“I cannot estimate the number of people that are part of the strike, because there are people as far as I can see, and more are coming,” said Maharajan, a party worker with Marumalarchi Dravida Munnetra Kazhagam (MDMK). MDMK’s leader is one of the political figures who gave a call for the rally demanding closure of the copper smelter. The strike has representation from the Conch Coolie (Divers) Association, Anna Bus Stand Autorickshaw Drivers Welfare Association, All India Drivers Welfare Association, Tamilnadu Merchants Federation (led by Vellaiyan), and Anna Bus Stand Taxi drivers Association.

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Anugundu – The Atom Bomb | Documentary

Anugundu – The Atom Bomb ( Tamil with English subtitles) – YouTube. 48 minutes.

A film by Manila Mohan, a journalist with a Malayalam literary magazine, who visits the protesters in Koodankulam. The documentary details many pitfalls in the building and commissioning of the nuclear power plant in Idinthakarai, Koodankulam. It interviews many of the villagers, including women and children, who express concerns about their safety, the stupidity of such an unsafe technology, and question for whom is this development and electricity that the States promise.

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Appropriate Technology: E F Schumacher

E F Schumacher’s lecture on Appropriate Technology at the Great Circle Center, University of Illinois, Chicago, 3/19/77. (Peter Gillingham Collection, E. F. Schumacher Library Archives.) From Schumacher Institute for Sustainable Systems –

E.F. Schumacher was an internationally influential economic thinker, viewing things from a systems perspective. His work in economics led him to develop a collection of connected ideas in energy, work, technology, development, organisation and ownership, education, traditional wisdom and religion. E.F. Schumacher’s work is about a way of living that is as relevant today as it was in 1973 when his seminal book Small is Beautiful was first published.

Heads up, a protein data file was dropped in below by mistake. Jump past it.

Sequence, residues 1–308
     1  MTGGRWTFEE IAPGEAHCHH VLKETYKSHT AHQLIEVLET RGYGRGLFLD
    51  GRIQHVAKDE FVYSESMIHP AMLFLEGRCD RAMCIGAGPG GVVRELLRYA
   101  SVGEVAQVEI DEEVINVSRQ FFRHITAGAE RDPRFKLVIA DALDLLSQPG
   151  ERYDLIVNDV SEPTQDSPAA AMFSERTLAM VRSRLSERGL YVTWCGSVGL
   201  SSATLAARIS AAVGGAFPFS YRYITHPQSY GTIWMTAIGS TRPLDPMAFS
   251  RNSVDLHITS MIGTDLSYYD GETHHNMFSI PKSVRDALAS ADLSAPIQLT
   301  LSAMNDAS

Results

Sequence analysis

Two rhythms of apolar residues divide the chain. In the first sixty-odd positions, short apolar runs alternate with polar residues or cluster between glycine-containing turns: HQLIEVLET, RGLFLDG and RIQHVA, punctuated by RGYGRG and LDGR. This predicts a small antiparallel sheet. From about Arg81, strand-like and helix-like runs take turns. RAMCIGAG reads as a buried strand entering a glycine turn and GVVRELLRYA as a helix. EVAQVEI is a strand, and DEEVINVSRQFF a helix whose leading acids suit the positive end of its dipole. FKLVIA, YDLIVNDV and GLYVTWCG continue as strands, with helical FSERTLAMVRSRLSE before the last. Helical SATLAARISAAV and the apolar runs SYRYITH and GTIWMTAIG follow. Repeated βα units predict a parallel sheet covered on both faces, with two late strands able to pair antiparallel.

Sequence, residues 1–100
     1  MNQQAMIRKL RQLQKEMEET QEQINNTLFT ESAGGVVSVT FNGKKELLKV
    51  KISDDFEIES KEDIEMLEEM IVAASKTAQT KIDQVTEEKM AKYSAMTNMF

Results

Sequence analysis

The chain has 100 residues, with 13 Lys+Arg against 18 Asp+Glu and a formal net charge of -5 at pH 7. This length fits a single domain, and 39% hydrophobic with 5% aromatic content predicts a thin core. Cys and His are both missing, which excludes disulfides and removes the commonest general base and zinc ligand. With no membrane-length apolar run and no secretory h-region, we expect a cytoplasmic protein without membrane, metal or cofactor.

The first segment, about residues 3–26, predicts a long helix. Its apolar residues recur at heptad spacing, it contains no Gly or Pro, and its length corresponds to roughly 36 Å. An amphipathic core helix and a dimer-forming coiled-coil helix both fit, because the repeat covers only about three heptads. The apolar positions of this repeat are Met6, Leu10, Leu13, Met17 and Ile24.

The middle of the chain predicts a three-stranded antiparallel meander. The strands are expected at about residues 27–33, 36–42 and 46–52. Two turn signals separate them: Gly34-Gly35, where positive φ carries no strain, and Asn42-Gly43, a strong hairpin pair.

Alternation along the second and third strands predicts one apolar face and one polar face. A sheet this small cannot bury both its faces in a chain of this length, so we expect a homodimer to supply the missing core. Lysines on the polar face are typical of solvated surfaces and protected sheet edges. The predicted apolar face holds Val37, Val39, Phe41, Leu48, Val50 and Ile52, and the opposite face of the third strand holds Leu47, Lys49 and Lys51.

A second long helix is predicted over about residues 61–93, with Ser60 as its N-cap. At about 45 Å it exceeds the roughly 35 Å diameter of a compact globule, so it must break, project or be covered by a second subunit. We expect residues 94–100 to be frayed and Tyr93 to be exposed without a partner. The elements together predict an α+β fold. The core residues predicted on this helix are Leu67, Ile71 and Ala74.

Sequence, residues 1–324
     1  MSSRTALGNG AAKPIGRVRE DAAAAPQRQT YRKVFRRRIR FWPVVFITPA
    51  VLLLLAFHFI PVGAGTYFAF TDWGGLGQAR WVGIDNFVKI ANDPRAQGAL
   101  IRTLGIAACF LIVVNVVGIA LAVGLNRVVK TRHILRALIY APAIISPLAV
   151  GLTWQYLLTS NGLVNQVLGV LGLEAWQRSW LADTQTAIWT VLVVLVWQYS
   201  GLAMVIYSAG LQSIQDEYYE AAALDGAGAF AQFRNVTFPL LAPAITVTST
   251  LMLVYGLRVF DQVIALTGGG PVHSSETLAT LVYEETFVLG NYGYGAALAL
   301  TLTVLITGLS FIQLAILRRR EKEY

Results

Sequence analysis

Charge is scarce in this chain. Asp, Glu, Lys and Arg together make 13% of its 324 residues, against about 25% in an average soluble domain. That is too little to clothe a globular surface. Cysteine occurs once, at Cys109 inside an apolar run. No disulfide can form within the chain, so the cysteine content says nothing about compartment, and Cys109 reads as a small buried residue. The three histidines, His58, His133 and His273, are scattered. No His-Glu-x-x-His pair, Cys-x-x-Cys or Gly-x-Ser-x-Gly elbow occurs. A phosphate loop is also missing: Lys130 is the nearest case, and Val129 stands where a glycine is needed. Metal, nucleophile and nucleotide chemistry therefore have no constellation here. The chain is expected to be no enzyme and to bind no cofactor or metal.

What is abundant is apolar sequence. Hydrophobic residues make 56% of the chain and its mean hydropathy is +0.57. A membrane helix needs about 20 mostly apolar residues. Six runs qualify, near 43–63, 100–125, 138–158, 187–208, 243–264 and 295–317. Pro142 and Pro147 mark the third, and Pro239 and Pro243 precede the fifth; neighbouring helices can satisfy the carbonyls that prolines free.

Part 1: 4 mins 40s

Part 2: 4 mins 42 s

Part 3: 8 mins 32s

Part 4: 6 mins 18s

 

Accumulating ‘microplastic’ threat to shores

shared by Rahul Muralidharan, posted from BBC’s Science and Environment page.

‘MICROSCOPIC’ THREAT

Microscopic plastic debris from washing clothes is accumulating in the marine environment and could be entering the food chain, a study has warned. Researchers traced the “microplastic” back to synthetic clothes, which released up to 1,900 tiny fibres per garment every time they were washed. Earlier research showed plastic smaller than 1mm were being eaten by animals and getting into the food chain. The findings appeared in the journal Environmental Science and Technology. “Research we had done before… showed that when we looked at all the bits of plastic in the environment, about 80% was made up from smaller bits of plastic,” said co-author Mark Browne, an ecologist now based at the University of California, Santa Barbara. “This really led us to the idea of what sorts of plastic are there and where did they come from.” Dr Browne, a member of the US-based research network National Center for Ecological Analysis and Synthesis, said the tiny plastic was a concern because evidence showed that it was making its way into the food chain. “Once the plastics had been eaten, it transferred from [the animals’] stomachs to their circulation system and actually accumulated in their cells,” he told BBC News. In order to identify how widespread the presence of microplastic was on shorelines, the team took samples from 18 beaches around the globe, including the UK, India and Singapore. “We found that there was no sample from around the world that did not contain pieces of microplastic.”